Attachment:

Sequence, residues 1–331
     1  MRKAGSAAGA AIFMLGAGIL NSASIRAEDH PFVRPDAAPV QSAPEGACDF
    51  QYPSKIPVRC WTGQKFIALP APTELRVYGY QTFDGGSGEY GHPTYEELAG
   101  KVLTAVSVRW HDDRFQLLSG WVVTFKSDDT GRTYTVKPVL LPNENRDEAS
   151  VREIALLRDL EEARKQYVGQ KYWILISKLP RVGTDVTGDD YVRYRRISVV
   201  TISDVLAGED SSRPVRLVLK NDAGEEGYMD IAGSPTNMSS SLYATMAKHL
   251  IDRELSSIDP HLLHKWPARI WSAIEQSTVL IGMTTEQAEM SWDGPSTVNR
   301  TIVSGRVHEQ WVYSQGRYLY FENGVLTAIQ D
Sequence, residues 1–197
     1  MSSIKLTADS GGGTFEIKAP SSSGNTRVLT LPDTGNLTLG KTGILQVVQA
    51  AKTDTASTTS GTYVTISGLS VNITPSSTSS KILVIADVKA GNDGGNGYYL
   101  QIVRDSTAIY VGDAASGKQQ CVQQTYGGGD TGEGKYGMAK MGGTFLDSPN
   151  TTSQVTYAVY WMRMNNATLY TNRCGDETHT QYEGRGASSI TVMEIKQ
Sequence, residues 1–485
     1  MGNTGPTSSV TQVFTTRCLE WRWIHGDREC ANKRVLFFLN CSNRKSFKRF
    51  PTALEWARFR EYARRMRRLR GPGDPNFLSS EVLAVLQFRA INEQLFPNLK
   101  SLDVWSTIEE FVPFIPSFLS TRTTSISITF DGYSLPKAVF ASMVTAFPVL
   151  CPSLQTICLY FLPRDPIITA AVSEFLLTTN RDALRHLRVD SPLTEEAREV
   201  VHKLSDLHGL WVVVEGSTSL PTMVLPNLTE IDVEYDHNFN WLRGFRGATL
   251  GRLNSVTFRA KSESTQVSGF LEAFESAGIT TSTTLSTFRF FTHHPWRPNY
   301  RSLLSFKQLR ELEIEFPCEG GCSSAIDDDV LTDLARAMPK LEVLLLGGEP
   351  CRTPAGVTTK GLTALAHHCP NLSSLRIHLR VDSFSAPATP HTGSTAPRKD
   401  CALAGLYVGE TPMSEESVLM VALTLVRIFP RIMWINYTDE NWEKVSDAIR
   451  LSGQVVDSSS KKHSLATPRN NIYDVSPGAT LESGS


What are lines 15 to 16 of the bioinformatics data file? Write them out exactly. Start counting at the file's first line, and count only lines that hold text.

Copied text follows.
     1  MGNTGPTSSV TQVFTTRCLE WRWIHGDREC ANKRVLFFLN CSNRKSFKRF
    51  PTALEWARFR EYARRMRRLR GPGDPNFLSS EVLAVLQFRA INEQLFPNLK